It is the year Rumi year 1302 or 1886 by the Christian calendar. The setting is Istanbul where the naked body of a white woman had been found floating in the Bosphorus. Around her neck is a pendant that contains the tughra, the Sultan's seal - a signature that is only found on special possessions of the imperial household. For Kamil Pasha, the ...Read MoreIt is the year Rumi year 1302 or 1886 by the Christian calendar. The setting is Istanbul where the naked body of a white woman had been found floating in the Bosphorus. Around her neck is a pendant that contains the tughra, the Sultan's seal - a signature that is only found on special possessions of the imperial household. For Kamil Pasha, the city's magistrate, there are echoes of a similar murder - of an English governess - that took place eight years before. There are also links to a woman called Jaanan, a member of Ottoman high society who has fallen into disgrace.The body of the first victim was discovered, drowned, on the estate where she lived with her mother and uncle. Jaanan was a priveleged child who grew up amongst the 'veiled ladies' of the court but her life changed when she fell in love with a man who was involved in a plot to overturn the Sultan. Sybil is the daughter of the English Amabassador and as such, has unique access to the most prominent circles in the Court. She uses her connections to help Kamil Pasha infiltate the secrets world of the harem, and gradually falls in love with him. As they work to untangle the threads of both murders they make powerful enemies in a dramatic tale of court intrigue and revenge.Read Less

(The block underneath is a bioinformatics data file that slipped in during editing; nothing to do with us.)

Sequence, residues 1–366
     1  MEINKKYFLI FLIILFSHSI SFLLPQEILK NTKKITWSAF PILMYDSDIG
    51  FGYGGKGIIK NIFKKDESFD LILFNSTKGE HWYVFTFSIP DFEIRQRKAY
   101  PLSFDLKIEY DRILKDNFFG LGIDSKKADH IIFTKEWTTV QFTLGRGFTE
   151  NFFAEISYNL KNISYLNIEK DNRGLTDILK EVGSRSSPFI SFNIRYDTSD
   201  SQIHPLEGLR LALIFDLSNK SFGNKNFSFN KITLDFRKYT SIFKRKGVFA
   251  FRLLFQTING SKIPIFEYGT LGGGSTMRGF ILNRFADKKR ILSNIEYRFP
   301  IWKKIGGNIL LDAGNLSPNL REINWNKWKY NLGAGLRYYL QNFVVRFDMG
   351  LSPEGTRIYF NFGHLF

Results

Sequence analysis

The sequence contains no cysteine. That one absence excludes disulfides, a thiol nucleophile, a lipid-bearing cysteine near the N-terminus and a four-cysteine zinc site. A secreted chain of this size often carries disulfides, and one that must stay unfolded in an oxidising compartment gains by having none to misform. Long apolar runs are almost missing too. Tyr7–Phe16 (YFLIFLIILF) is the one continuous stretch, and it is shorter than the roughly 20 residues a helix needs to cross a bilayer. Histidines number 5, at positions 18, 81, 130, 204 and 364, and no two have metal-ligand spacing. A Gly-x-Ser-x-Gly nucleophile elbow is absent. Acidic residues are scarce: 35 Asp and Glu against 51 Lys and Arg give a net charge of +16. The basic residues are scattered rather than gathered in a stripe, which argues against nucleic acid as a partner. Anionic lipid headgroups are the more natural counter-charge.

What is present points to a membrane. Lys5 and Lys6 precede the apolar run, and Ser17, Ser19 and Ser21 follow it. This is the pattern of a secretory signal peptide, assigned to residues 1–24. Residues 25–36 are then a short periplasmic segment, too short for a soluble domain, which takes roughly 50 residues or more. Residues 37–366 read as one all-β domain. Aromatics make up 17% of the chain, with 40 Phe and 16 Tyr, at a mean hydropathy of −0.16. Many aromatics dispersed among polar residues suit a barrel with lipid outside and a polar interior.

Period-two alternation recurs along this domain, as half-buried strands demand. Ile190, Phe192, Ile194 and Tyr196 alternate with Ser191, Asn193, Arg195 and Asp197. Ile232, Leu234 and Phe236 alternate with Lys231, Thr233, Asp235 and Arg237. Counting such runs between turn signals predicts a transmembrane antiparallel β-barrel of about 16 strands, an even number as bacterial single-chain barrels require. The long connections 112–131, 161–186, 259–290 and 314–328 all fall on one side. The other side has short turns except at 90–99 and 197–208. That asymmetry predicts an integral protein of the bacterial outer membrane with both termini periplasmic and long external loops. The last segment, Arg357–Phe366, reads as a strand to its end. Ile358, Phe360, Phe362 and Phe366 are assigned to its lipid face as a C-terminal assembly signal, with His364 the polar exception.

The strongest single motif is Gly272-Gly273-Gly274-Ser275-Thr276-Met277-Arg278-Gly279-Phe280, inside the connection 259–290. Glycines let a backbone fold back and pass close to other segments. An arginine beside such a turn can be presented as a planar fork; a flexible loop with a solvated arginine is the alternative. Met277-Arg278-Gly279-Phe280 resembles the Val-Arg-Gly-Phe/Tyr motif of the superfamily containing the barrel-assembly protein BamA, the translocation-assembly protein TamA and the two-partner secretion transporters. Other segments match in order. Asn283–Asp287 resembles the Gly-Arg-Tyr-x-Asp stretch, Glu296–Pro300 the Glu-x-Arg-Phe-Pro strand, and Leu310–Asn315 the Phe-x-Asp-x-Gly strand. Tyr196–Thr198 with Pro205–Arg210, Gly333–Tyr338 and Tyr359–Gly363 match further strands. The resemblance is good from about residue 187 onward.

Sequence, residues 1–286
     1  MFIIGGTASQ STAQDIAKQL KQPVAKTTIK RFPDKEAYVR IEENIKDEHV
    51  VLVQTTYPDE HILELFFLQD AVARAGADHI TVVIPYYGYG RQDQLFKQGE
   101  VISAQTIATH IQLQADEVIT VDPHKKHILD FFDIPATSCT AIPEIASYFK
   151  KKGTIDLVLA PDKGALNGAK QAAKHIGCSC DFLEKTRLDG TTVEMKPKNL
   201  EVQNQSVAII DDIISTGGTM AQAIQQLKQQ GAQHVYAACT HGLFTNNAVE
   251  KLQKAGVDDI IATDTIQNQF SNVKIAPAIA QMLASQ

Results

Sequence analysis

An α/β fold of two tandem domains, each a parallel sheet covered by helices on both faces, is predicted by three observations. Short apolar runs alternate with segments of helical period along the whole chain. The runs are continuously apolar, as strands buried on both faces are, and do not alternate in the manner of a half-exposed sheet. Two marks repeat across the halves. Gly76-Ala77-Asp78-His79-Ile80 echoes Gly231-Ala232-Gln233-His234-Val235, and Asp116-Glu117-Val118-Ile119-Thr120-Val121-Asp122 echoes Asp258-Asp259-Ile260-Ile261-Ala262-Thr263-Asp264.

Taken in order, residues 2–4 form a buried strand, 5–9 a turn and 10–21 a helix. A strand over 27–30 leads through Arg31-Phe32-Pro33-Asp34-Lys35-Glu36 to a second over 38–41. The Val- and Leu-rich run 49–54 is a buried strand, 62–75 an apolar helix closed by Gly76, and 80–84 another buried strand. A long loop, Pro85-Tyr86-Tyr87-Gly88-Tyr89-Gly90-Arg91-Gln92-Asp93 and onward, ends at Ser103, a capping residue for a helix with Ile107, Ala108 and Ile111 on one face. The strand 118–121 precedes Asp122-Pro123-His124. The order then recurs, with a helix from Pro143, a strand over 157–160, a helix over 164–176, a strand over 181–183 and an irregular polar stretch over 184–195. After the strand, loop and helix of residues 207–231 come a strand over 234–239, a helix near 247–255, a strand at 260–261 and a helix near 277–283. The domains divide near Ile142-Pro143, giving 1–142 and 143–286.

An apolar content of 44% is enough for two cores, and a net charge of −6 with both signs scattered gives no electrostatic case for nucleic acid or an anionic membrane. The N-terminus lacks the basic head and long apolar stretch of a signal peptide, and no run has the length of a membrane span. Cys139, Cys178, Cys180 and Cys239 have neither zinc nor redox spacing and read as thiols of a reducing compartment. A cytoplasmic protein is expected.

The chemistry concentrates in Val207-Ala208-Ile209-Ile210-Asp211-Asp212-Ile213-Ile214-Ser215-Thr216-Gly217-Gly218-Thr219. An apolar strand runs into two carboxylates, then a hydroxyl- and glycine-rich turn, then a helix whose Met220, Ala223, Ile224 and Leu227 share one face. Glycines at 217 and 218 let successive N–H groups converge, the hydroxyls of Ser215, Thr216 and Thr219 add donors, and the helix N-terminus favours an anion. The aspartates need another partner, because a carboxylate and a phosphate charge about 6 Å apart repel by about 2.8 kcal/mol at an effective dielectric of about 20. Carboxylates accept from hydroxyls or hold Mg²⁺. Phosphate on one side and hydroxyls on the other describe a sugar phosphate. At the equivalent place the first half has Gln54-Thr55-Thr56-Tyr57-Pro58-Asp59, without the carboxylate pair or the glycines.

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I love the "cozy" English mystery; the kind where horror happens in an everyday setting and the author plays fair, for if one is sharp one can spot the villain before the end of the book as all the clues are there in the text. The author keeps nothing back for the bafflement of his reader. I bought this one because its advertising compared it to Conan Doyle and Agatha Christie. Sad to say, not true. The craftsmanship of the writing is superb; each image is painted in jewel-toned colors. The immediacy of the text draws the reader instantly into Victorian Istanbul with first-person narrative, extracts of personal letters and the use of "Kamil sees" instead of "Kamil saw". Paragraphs of description are delights instead of tedium. Where it all falls down is the plot. The author becomes involved with one character to the exclusion of caring about the others. Once that side story is finished, the loose threads are left hanging for them all. It's like a beautiful Ottoman carpet woven perfectly until the last edge, then it is ripped off the loom and left jagged and unraveling. Perhaps the author intends a sequel? I'm afraid I won't buy it.
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